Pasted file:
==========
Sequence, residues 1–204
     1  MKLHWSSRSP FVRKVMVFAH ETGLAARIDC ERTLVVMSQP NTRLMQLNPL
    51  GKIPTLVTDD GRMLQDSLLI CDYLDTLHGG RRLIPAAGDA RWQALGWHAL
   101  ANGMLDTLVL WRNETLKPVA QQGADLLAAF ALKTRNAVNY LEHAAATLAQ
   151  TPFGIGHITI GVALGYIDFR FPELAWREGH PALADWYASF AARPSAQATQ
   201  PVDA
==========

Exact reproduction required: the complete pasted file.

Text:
Sequence, residues 1–204
     1  MKLHWSSRSP FVRKVMVFAH ETGLAARIDC ERTLVVMSQP NTRLMQLNPL
    51  GKIPTLVTDD GRMLQDSLLI CDYLDTLHGG RRLIPAAGDA RWQALGWHAL
   101  ANGMLDTLVL WRNETLKPVA QQGADLLAAF ALKTRNAVNY LEHAAATLAQ
   151  TPFGIGHITI GVALGYIDFR FPELAWREGH PALADWYASF AARPSAQATQ
   201  PVDA